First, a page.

For some reason, BT has singled out O2 for derision in order to promote the extension of ‘unlimited' access for all BT Total Broadband customers to its BT Openzone and BT FON wireless hotspots.
BT clearly sees the move by mobile operators to put a fixed cap on nearly all monthly mobile broadband packages as an opportunity to promote its Wi-Fi hotspots as an alternative form of connectivity.
Where previously BT Total Broadband customers got access to its hotspots, with the number of minutes per month capped, they now get unlimited access, which we would expect to still be subject to some kind of ‘fair use' policy.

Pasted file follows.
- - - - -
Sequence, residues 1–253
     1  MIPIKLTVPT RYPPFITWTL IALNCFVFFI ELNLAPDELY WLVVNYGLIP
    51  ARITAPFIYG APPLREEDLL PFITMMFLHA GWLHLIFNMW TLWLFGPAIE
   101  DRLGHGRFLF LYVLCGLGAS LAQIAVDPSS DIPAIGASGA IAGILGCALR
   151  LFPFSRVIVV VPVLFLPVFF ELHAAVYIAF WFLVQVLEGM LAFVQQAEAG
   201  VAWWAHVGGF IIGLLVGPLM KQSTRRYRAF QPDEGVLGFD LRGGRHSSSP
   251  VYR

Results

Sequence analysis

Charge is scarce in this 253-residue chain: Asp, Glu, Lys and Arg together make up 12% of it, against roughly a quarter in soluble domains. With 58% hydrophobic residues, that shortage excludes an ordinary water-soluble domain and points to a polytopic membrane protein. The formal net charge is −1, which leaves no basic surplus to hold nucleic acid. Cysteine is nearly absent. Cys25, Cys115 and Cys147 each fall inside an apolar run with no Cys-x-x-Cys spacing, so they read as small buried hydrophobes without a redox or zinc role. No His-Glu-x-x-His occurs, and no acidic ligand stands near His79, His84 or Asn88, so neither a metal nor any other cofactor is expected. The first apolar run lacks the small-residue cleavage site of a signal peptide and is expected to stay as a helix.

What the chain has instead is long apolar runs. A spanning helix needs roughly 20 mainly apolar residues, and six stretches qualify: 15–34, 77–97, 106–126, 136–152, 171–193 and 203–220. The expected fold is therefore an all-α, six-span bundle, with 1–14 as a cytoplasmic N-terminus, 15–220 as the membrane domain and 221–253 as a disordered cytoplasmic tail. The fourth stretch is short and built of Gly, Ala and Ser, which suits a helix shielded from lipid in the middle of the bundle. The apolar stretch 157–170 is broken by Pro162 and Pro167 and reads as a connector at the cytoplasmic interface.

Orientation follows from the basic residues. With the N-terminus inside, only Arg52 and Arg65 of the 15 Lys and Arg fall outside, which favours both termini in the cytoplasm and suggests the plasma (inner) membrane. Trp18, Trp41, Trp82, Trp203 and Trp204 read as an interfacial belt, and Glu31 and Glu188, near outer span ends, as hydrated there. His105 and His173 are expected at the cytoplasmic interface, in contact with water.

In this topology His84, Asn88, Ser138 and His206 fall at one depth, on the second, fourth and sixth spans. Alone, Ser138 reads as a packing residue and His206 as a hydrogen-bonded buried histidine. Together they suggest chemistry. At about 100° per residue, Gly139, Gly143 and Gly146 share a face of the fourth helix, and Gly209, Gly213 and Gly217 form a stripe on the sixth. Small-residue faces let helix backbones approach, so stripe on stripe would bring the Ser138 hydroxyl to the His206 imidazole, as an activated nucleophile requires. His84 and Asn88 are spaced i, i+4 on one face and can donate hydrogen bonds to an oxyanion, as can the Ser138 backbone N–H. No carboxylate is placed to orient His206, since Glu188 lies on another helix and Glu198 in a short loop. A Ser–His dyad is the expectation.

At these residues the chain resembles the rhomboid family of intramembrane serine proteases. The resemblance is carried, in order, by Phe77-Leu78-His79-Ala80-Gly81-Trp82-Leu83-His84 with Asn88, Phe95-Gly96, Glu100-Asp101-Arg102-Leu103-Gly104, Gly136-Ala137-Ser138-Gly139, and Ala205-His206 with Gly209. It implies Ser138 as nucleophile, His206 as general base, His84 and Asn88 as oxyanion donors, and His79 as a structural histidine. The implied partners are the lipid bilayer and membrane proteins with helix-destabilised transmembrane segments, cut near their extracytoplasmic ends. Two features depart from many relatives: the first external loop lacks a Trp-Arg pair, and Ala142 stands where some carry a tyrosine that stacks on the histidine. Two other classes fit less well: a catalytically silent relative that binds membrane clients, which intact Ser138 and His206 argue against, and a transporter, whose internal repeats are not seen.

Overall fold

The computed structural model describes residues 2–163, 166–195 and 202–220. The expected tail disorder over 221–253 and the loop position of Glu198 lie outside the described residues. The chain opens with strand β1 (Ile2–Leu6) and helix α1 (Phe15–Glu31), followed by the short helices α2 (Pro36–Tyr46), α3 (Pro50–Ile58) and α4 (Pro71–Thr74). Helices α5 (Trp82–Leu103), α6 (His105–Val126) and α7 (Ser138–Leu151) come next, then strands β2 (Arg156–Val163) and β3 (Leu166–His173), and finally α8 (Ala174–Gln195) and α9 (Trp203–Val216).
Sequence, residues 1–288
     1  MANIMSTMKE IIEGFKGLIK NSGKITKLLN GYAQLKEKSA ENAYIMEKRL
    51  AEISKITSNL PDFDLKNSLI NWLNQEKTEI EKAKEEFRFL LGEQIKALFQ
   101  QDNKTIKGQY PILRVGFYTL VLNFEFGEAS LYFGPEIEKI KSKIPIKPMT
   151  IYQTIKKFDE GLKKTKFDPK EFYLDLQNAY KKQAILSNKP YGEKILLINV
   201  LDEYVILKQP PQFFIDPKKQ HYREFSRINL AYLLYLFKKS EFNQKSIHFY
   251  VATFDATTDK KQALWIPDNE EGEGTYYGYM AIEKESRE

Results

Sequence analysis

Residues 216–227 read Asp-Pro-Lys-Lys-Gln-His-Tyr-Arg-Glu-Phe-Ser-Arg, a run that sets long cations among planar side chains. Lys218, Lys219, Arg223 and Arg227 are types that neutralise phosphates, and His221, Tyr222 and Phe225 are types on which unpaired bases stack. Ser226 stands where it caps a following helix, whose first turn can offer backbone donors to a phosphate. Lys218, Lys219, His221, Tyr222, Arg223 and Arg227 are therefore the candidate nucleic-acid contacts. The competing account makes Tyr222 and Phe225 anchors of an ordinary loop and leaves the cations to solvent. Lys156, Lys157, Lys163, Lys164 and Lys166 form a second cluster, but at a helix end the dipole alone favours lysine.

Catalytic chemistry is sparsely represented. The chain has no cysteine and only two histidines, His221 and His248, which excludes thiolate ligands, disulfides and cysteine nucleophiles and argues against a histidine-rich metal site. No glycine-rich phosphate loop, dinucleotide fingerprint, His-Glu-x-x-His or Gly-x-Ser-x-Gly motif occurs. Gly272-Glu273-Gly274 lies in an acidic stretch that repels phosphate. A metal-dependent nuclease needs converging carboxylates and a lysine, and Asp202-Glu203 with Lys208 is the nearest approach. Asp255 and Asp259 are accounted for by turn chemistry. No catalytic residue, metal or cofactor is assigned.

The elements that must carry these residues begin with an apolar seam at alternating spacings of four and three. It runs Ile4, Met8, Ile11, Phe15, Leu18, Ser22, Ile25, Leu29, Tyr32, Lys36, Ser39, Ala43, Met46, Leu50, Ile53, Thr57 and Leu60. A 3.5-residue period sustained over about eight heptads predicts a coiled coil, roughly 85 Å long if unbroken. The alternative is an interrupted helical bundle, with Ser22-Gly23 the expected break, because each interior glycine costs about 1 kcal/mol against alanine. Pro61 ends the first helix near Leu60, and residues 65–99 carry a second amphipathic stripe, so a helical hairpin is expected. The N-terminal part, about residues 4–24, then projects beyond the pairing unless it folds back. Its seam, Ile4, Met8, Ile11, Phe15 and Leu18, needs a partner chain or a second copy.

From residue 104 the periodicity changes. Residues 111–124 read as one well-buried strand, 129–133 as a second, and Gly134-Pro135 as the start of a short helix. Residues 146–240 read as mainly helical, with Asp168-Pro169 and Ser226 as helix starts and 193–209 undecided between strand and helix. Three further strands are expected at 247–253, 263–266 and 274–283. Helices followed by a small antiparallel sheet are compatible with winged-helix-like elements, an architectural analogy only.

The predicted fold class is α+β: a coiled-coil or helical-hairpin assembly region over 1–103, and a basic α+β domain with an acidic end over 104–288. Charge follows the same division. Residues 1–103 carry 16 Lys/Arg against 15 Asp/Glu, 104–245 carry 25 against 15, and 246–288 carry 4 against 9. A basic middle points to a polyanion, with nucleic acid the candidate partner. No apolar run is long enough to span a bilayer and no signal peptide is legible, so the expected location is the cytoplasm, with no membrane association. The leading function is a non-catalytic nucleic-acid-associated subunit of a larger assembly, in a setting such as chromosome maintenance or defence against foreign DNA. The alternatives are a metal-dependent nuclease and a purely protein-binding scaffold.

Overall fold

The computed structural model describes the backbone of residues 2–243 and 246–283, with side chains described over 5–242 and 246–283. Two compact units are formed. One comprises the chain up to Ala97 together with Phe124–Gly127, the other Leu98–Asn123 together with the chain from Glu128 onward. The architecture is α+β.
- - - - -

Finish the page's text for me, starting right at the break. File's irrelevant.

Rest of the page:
To illustrate how much more generous it is than those tight-fisted mobile operators, BT has focused on O2, although capped mobile broadband is now the norm. "Wi-Fi gets wider with BT Total Broadband as O2 rations 3G," proclaimed the headline of BT's press release, before sneering: "We thought rationing ended in the 50s."
And BT wasn't finished there, BT consumer MD, John Petter, had this to say: "Because of the growing number of BT customers with mobile devices such as tablet computers and smartphones, we know that mobile access to the internet is needed more than ever before. Now that operators like O2 are rationing 3G, BT Total Broadband customers can find fast Wi-Fi connections all over the UK's towns and cities with unlimited internet access from 1.5 million hotspots."
We're not sure what O2 has done to BT, to attract this malevolent attention. Maybe BT is just bitter that it sold O2 six years ago, just as mobile communications moving up to the next level.